German and Austrian police have carried out one of the largest operations to date against alleged online financial scammers, German public television reported earlier this month. A joint German-Austrian team has in recent months carried out 35 raids in five countries and investigated ten suspects in connection with five allegedly fraudulent online trading websites, the report said.
The five online trading sites being investigated by German and Austrian police are Option888, TradeInvest90, XMarkets, ZoomTrader and TradoVest, according to the July 3 report by Germany’s “Tagesschau” television news program.
Most of these sites are or were associated with Tradologic, an Israeli-founded and -run Bulgaria-based online trading platform.
In a related arrest, Israeli Gal Barak was apprehended in Bulgaria in February at the behest of Austrian prosecutors. At the time, Austrian prosecutors announced that they had raided the offices of six other Tradologic websites: XTraderFX, Optionstars, OptionstarsGlobal, Goldenmarkets, SafeMarkets and Cryptopoint.
One suspect in police custody, according to the July 3 report, is German national Karsten Uwe Lenhoff, a 55-year-old veteran of the sports betting and online gambling industry who had been dividing his time between a five-star Tyrolean hotel and the French city of St. Tropez, according to the report. The report did not name any other suspects.
Reporters for “Tagesschau” saw customer lists for the five online trading websites, which they said contained the names of more than 200,000 Germans.
In the German city of Saarbrücken alone charges are being brought against these trading platforms on behalf of 233 alleged victims, the report noted. On average, each victim lost more than 40,000 euros.
The report also said that the group of alleged criminals operating these five websites could have been responsible for 400 or more fraudulent websites, and that this number was confirmed to them by a Saarbrücken public prosecutor.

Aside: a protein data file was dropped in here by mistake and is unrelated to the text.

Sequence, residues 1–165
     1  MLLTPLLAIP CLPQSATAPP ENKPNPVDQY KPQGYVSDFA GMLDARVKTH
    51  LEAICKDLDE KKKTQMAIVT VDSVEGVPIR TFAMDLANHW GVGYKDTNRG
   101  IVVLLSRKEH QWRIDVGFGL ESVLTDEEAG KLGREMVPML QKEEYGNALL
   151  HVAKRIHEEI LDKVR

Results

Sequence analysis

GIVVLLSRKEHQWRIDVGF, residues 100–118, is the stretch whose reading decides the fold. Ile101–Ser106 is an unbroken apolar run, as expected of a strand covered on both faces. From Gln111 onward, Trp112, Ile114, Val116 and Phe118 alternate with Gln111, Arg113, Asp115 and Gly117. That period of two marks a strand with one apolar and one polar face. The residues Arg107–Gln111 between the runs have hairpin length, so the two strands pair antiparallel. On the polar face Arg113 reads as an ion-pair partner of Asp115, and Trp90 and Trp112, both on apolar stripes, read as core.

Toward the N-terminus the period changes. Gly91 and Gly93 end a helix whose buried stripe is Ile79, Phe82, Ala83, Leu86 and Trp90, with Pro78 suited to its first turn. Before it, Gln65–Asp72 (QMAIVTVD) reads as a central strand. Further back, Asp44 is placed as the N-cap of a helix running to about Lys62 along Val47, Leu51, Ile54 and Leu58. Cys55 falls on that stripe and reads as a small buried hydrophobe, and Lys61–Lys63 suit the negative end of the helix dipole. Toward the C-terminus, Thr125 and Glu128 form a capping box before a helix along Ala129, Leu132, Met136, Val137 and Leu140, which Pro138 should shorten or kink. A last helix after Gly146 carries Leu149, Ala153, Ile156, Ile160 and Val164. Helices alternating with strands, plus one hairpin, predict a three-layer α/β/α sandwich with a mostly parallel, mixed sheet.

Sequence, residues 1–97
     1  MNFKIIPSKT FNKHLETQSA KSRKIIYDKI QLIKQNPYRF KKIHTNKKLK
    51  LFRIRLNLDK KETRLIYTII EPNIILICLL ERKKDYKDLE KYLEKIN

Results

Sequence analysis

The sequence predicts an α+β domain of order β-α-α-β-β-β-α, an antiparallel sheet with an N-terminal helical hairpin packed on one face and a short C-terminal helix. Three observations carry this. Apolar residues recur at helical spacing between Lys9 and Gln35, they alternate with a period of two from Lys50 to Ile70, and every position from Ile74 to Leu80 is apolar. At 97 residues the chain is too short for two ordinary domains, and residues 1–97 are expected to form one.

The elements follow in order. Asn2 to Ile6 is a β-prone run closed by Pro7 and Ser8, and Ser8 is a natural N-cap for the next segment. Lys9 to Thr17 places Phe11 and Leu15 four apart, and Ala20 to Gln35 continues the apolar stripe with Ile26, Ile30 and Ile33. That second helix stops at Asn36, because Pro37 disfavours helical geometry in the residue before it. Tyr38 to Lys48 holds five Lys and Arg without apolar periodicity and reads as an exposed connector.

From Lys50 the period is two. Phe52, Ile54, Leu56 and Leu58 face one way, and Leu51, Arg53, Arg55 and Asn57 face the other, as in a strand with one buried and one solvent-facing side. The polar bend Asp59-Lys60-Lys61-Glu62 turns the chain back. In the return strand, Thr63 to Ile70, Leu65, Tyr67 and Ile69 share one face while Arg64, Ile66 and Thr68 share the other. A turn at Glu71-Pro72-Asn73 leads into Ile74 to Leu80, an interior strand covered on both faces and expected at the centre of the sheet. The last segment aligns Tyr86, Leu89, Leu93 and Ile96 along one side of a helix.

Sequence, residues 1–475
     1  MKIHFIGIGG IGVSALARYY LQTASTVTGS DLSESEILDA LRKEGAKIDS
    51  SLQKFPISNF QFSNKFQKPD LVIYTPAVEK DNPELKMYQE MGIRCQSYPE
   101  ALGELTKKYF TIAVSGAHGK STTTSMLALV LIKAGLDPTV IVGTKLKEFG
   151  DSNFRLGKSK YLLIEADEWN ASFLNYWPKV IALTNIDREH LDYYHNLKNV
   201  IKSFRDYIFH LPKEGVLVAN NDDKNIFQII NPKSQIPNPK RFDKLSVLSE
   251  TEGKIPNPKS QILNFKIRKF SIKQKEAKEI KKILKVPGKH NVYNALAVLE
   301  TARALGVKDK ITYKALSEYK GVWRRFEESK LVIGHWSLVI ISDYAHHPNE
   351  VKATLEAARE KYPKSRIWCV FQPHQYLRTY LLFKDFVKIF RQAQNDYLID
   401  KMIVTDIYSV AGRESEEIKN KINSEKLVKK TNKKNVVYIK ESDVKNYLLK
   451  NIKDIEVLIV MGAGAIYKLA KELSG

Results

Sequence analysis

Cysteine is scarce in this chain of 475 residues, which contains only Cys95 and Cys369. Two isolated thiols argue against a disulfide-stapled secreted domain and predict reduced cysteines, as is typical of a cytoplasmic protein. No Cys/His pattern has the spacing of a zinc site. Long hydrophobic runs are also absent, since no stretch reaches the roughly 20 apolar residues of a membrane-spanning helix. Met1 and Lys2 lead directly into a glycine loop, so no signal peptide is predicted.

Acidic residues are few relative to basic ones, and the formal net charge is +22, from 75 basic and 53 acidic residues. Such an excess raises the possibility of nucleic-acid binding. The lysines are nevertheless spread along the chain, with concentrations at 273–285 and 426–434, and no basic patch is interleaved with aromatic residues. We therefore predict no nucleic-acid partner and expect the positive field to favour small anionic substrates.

According to the report, police raided call centers, offices and apartments in Kosovo, Germany, Austria and the Czech Republic.
The report described the alleged fraudsters as employing methods identical to those of Israel’s binary options industry, which was banned by the Knesset in October 2017 but which continues to operate from Israel and other countries under the guise of forex, crypto or derivatives trading websites.
According to the German television report, alleged scammers would call investors and encourage them to place money in accounts on trading websites where they could supposedly earn quick profits by wagering on share prices, currency fluctuations or other financial movements. Some of the websites offered trading in Bitcoin and other cryptocurrencies.
According to the report, victims were recruited through social networks. After making an initial deposit, the investor would be assigned to an investment adviser who would encourage them to deposit more and more money so as to take advantage of supposedly lucrative trading opportunities.
According to the report, victims reported that when they tried to withdraw the money in their trading accounts, they were told that a software glitch was preventing the withdrawal, or that their investment adviser had gone on vacation and could not help. Almost all victims lost all of the money they deposited, according to the report.
German and Austrian prosecutors suspect, the report said, that the victims’ money had never been traded in the first place, and that users of these sites had interacted with a virtual interface with no real financial transactions behind it, and that money deposited by investors had in reality been siphoned off into the alleged scammers’ bank accounts.
The report further claimed that the suspected fraudsters had used banks in Western Europe to deposit their allegedly ill-gotten gains. These included Germany’s Postbank, Sparkasse Koblen and Munich-based online bank Fidor; Belgium’s ING; and Barclays Bank and HSBC in the United Kingdom.
Sparkasse Koblenz told “Tagesschau” it had terminated its relationship with the suspected scammers “because our control systems detected suspicious transaction patterns” and that it regrets that a “customer account in our bank was allegedly abused for fraudulent activity.”